Linked by Dedoimedo on Thu 17th Mar 2011 23:17 UTC
Debian and its clones Writing about Debian is not a simple thing. You know it's the giant that has spawned pretty much every other distro out there. It's almost like a Roman Empire, almost a taboo. Furthermore, it's not a desktop distro per se. It's more sort of a template you use to build your platform. It's also a SOHO server distro, therefore it more fits into the business category, comparable to CentOS and similar.
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RE[6]: Angry Rant Reviews present
by Morgan on Fri 18th Mar 2011 15:56 UTC in reply to "RE[5]: Angry Rant Reviews present"
Member since:

Okay since you don't want to bother scrolling up (or down, I'm replying from email so I don't know where in the comment stream this is): RaLink RT2870. For the fourth fucking time.

Reply Parent Score: 2

rr7.num7 Member since:

Funny how you complain that people don't read, but you don't take the time to do a little research? I just did a quick search in Google: RaLink RT2870 debian.

The first result links to a page with the explanation. The firmware was removed from kernel version 2.6.30, not because of a mysterious, weird reason, but because (according to Debian's standards) it contains non-free code. You may or may not agree with their politics, but there IS a reason, and that reason is what other people have been telling you since the beginning. It took me about less than 30 seconds to find it.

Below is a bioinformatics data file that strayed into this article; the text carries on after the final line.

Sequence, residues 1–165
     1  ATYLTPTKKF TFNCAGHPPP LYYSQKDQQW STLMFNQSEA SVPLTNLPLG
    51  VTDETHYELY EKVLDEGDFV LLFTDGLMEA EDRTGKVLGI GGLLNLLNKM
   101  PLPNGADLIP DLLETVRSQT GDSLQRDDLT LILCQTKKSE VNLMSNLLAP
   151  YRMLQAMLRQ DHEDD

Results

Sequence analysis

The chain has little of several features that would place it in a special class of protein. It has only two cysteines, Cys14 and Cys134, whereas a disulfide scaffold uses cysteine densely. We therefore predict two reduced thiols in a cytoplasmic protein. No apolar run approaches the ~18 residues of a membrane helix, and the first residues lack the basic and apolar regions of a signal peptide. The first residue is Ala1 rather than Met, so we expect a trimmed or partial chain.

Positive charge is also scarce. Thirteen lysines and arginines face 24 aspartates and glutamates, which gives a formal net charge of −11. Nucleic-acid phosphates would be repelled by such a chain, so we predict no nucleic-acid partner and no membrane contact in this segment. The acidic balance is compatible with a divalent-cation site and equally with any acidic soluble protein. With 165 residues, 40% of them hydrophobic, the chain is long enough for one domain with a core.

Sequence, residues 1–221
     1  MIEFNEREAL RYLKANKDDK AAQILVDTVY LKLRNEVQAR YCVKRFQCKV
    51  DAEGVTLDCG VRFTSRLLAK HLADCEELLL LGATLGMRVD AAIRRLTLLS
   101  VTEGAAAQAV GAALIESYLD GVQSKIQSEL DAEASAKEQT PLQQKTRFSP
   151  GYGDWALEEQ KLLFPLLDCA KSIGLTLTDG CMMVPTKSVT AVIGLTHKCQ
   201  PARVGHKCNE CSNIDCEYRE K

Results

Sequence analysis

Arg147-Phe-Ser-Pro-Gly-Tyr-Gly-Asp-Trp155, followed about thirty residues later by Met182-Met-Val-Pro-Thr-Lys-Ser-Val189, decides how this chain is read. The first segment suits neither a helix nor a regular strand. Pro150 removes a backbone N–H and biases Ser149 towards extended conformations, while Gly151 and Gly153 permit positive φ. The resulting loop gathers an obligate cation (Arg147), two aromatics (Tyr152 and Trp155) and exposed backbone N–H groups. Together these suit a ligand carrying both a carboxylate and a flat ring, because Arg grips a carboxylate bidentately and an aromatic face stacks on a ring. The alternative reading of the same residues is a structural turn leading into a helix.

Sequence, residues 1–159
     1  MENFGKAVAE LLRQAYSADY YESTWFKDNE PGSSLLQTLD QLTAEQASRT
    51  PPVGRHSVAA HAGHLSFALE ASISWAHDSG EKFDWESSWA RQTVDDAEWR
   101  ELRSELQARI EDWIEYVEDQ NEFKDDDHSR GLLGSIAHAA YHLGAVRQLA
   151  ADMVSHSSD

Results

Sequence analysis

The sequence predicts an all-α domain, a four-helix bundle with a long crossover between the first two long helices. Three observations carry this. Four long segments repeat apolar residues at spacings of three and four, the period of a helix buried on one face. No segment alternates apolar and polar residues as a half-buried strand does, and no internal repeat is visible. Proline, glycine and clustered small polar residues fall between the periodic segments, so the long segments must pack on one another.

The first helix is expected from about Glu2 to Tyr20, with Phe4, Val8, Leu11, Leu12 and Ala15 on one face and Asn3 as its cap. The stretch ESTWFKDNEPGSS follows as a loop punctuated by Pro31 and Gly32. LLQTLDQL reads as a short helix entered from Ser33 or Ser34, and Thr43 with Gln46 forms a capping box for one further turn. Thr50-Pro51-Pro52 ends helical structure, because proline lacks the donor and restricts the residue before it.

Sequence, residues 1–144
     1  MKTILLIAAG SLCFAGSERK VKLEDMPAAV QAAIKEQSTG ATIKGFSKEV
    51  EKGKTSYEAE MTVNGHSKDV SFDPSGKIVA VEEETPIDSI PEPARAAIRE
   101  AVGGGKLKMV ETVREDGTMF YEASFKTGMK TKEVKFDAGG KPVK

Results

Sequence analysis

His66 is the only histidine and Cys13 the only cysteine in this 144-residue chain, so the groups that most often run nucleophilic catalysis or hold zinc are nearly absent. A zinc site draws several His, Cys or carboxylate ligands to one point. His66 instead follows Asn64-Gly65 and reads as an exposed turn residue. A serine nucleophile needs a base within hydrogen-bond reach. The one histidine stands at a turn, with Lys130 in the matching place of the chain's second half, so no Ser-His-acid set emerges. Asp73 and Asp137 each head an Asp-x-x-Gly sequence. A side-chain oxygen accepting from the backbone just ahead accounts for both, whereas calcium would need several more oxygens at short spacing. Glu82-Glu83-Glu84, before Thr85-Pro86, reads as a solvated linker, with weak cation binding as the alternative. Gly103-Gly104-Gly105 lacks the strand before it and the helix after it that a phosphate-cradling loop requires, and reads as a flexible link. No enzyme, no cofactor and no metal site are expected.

So, who's the "lazy" one?

Reply Parent Score: 3

Morgan Member since:

Well this is odd, because according to cmchittom in reply to another of my posts, the RaLink chipset in question is fully GPL compatible. I quote him here:

My first thought was to respond with "open source" does not equal "free," and that the firmware probably failed to comply with the DFSG—lucky thing, I checked first (so as not to make myself look doubly foolish), and at least the first two[1] (I didn't check all of them) are licensed under the GPL v2 or later. So, I admit: mea culpa.

And his source is RaLink's website, which I also looked at and the firmware does comply with the GPL.

So who is right, him or you? Who knows? It looks like it won't be long before Debian won't accept code that isn't chiseled into a stone tablet on a holy mountain. Mean time, me and the rest of the realistic world will use tools that aren't broken by virtue of philosophic law.

Look, there is merit in wanting a fully open source based OS. I won't deny that at all. However, to say that even the holy GPL isn't free enough for them (the driver in question is GPL'ed and DFSG-blessed) is just crazy. Perhaps Debian needs to come up with a license of their own, more free (if possible) than any other OSS license, and only accept software that uses it. Let's see how far that gets them.

Reply Parent Score: 2